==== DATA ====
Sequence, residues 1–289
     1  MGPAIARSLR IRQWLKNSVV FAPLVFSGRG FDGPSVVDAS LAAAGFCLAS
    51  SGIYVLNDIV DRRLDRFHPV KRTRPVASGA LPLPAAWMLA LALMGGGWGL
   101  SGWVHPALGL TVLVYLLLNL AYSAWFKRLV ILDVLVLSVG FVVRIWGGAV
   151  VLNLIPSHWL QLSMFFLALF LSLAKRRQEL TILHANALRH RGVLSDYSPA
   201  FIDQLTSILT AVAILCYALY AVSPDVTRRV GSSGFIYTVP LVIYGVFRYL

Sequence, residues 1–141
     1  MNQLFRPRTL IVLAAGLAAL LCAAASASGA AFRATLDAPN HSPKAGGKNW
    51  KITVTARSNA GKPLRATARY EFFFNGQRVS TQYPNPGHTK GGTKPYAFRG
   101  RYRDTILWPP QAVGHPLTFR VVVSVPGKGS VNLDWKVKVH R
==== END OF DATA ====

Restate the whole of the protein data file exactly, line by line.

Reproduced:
Sequence, residues 1–289
     1  MGPAIARSLR IRQWLKNSVV FAPLVFSGRG FDGPSVVDAS LAAAGFCLAS
    51  SGIYVLNDIV DRRLDRFHPV KRTRPVASGA LPLPAAWMLA LALMGGGWGL
   101  SGWVHPALGL TVLVYLLLNL AYSAWFKRLV ILDVLVLSVG FVVRIWGGAV
   151  VLNLIPSHWL QLSMFFLALF LSLAKRRQEL TILHANALRH RGVLSDYSPA
   201  FIDQLTSILT AVAILCYALY AVSPDVTRRV GSSGFIYTVP LVIYGVFRYL

Sequence, residues 1–141
     1  MNQLFRPRTL IVLAAGLAAL LCAAASASGA AFRATLDAPN HSPKAGGKNW
    51  KITVTARSNA GKPLRATARY EFFFNGQRVS TQYPNPGHTK GGTKPYAFRG
   101  RYRDTILWPP QAVGHPLTFR VVVSVPGKGS VNLDWKVKVH R